Friday, October 13, 2017

The Age of the News Buffet

Remembering America: Reports on Returning home after nine months in Britain.
Laurel, Maryland:For a woman whose grandad and parents owned small-town newspapers, I am strangely phobic about the news. My phobia probably started when I was a kid and couldn’t even read the news, but still I couldn’t bear the feeling of inked newsprint on my fingers. 
My parents have said that I was easily distressed when my hands got dirty and newsprint felt dirty. The smell of newspaper gave me a headache – that black inky oily smell.
In college, when I worked for my grandfather’s newspaper in the summer, I remember going into the room with the big press on “paper day” and joining the other employees in “stuffing the paper,” one section into another. We wore clean surgical gloves and soon they were black with the ink that I had watched the pressman smear into the feeder tray below the giant metal rollers. News is dirty.
I don’t like arguing or arguments, and I like overhearing arguments even less, so listening to people talk over each other on the radio or watching them raise their eyebrows and curl their lips on TV is excruciating for me.
And, let’s face it, the news is generally troubling, and though many people can shake it off or listen dispassionately as the sky seems to fall around our heads, I carry all of the muddy grimness of the news with me like a pocketful of stones all day long.
So, I straddle the line between making myself aware of the major happenings, but reluctant to the let the volume of news drag me, seduce me, into depression in a show of being informed.
Though some of my friends find it appalling, when I am in the UK, I tend to catch up on the top stories and weather in a matter of minutes by watching a bit of BBC Breakfast (think The Today Show, but less showy). And I supplement my BBC Breakfast plate with a few tune-ins to Radio 4 and the six o’clock news here and there throughout the week. Add to this the occasional newspaper found on the tube, and I don’t live in a vaccuum.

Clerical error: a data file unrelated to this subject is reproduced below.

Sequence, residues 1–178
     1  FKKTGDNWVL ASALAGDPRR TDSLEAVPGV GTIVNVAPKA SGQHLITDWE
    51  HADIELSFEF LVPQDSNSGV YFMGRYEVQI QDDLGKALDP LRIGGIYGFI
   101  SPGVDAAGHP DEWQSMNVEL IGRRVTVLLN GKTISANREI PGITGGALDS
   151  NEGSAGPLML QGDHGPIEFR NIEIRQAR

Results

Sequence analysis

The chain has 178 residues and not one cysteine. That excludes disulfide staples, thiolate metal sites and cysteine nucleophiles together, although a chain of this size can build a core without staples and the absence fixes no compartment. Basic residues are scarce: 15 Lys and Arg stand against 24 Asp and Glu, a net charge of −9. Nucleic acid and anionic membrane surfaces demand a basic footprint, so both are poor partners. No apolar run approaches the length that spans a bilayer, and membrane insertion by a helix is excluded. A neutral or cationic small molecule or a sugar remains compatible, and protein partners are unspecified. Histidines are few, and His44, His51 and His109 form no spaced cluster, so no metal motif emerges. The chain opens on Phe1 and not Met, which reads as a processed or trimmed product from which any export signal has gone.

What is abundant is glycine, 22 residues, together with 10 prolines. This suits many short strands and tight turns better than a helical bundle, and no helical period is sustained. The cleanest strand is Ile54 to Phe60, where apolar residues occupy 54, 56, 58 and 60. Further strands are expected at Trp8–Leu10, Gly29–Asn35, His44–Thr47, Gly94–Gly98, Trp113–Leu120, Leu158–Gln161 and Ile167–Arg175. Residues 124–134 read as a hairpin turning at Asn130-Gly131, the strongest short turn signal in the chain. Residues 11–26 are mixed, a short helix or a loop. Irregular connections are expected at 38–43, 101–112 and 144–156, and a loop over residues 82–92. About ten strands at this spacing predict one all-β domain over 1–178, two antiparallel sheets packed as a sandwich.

BUT, here at the hotel in Maryland, they’ve had CNN in the breakfast area every morning. This has been a shock, a baptism by Wolf-Blitzer-Anderson-Cooper-fire. Las Vegas, Melania and Ivana, forest fires, Trump and Corker, Nuclear War, Harvey Weinstein, the Light Phone, FEMA in Puerto Rico, Neo-Nazis in Charlottesville, and the run-up to the World Series. 
The thing about 24 hour news is that everything, but nature of being smushed together, is made equal, so Melania and Ivana’s spat over which of them is the actual first lady (does anyone remember this story from four days ago?) gets the same weight as new evidence about the Las Vegas shooter. 
In newspapers, you have the front page, which tends to push one story to the top. But who chooses what is tops? The Editor. And who is the editor?
Harvey Weinstein was an editor of sorts, it turns out – choosing the women who would succeed in the lucrative global film business based on whether they would watch him shower or . . . But on the other hand, NY Times Editor, Dean Baquet, chose to run the breaking story that outed Weinstein for his despicable behavior. Bad behavior, good behavior. Bad editor, Good editor. How do we know we can trust the editor? And how long do we wait to find out that someone we thought was trustworthy, worthy of presenting stories, worthy of speaking from some moral high ground, is unworthy? Then what do we do with our Bill Cosby records?
In that case does 24 hour news come closer to the truth? If we put all of the stories next to each other in an unbroken line, do we become the editors based on our own biases, for better or worse? What is better? Curated news and putting our trust in editors? Or having the events laid out in front of us – a salacious buffet of events?
This news buffet is probably best exemplified by the State by State section of the USA Today where the paper presents a short news item by each state all on one page. So a man who claimed aliens filled him with drink stands alongside a major drug bust or an elderly person found sitting in a ravine. What’s more important? You decide.
And what is the importance of deciding on what is more important? Isn’t this, in some way, the great question of life? What is most important.
Now that I am leaving the hotel and looking at several weeks of homestays, I will see less of CNN.
So, as a farewell, I can only say that I proclaim this the age of the news buffet. And in that spirit, I give you my American pictorial week in review, in no order of importance.

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